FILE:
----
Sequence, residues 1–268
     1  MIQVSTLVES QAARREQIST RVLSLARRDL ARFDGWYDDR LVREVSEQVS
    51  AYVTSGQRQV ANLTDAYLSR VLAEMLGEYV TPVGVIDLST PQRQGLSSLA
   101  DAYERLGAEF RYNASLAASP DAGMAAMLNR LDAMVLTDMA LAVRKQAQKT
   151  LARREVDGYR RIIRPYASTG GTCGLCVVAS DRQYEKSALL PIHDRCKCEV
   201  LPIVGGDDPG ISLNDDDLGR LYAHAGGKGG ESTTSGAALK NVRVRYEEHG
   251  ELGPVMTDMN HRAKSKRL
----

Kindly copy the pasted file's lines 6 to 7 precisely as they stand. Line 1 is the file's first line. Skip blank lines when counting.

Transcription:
   201  LPIVGGDDPG ISLNDDDLGR LYAHAGGKGG ESTTSGAALK NVRVRYEEHG
   251  ELGPVMTDMN HRAKSKRL